We also detected brevican as another component. It is a proteoglycan previously identified in the nervous system, where it represents a key element of the peri-synaptic extracellular matrix. Its role as regulator of synaptic plasticity and creation of perineural nets creation suggests that further work is necessary to define its role in the function of the lymphatic matrix48.

Our immunohistochemical analysis also identified agrin in the lymphatic GCX. This is another proteoglycan recently investigated in the realm of angiogenesis regulation. Detection of agrin in the lymphatic GCX mandates further exploration of its role in lymphatic vessel development and proliferation49,50. However, it must be re-emphasized that neither brevican or agrin was found exclusively in the glycocalyx, rather, they also represent components of the extracellular matrix. Further investigation is needed to explore their potential role in mechanotransduction.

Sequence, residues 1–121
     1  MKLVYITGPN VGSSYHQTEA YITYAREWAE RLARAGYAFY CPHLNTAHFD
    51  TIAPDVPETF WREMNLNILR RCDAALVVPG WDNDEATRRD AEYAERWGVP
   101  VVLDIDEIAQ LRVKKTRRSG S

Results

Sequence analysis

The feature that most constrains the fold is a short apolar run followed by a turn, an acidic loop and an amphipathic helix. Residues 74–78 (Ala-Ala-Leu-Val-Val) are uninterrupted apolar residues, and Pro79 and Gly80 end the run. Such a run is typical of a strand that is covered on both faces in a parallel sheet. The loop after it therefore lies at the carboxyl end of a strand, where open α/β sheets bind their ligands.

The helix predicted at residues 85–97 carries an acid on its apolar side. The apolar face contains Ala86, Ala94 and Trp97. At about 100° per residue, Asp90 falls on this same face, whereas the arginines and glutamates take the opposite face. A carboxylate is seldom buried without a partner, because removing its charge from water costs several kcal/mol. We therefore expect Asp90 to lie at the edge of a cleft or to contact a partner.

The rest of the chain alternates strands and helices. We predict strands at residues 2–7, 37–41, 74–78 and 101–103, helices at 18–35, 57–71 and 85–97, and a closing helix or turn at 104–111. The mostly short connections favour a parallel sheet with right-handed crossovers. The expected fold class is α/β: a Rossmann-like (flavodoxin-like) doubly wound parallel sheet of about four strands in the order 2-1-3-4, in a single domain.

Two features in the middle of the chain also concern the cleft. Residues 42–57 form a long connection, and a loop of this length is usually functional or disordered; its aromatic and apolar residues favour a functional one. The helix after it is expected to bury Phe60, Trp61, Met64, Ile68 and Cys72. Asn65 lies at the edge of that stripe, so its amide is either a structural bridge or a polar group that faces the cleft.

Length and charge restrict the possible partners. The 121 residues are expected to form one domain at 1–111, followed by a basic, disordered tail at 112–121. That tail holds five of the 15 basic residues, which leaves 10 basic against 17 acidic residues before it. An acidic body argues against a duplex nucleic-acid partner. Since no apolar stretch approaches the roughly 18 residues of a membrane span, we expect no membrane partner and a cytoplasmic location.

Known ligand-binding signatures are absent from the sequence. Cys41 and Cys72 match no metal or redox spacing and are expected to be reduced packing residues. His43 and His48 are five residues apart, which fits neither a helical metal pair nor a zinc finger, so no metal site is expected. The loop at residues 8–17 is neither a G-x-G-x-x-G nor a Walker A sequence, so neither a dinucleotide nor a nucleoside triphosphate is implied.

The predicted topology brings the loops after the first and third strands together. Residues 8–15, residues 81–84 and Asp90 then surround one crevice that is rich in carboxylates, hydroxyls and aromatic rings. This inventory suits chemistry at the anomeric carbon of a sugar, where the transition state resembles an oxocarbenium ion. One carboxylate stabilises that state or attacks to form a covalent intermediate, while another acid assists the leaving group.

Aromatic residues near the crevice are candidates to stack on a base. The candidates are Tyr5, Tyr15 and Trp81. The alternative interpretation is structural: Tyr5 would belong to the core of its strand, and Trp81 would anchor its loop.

The findings of this study are compatible with a potential role of the GCX in lymphatic function and in the related fluid filtration. However, it must be stated that a glycocalyx layer is present on many other types of cells (e.g., fibrocytes, leukocytes, enterocytes, neurons, osteocytes, and endothelial cells), and thus its presence on lymphatic endothelium does not necessarily indicate that it performs the same functions (e.g., mechanotransduction, permeability control, coagulation balance, vessel contractility regulation) as the glycocalyx of the arterial and venous endothelium. Taking into consideration the previous investigations on the topic51,52,53,54, future research should prospectively assess a defined role for the lymphatic glycocalyx in modulation of permeability and immunomodulation balance.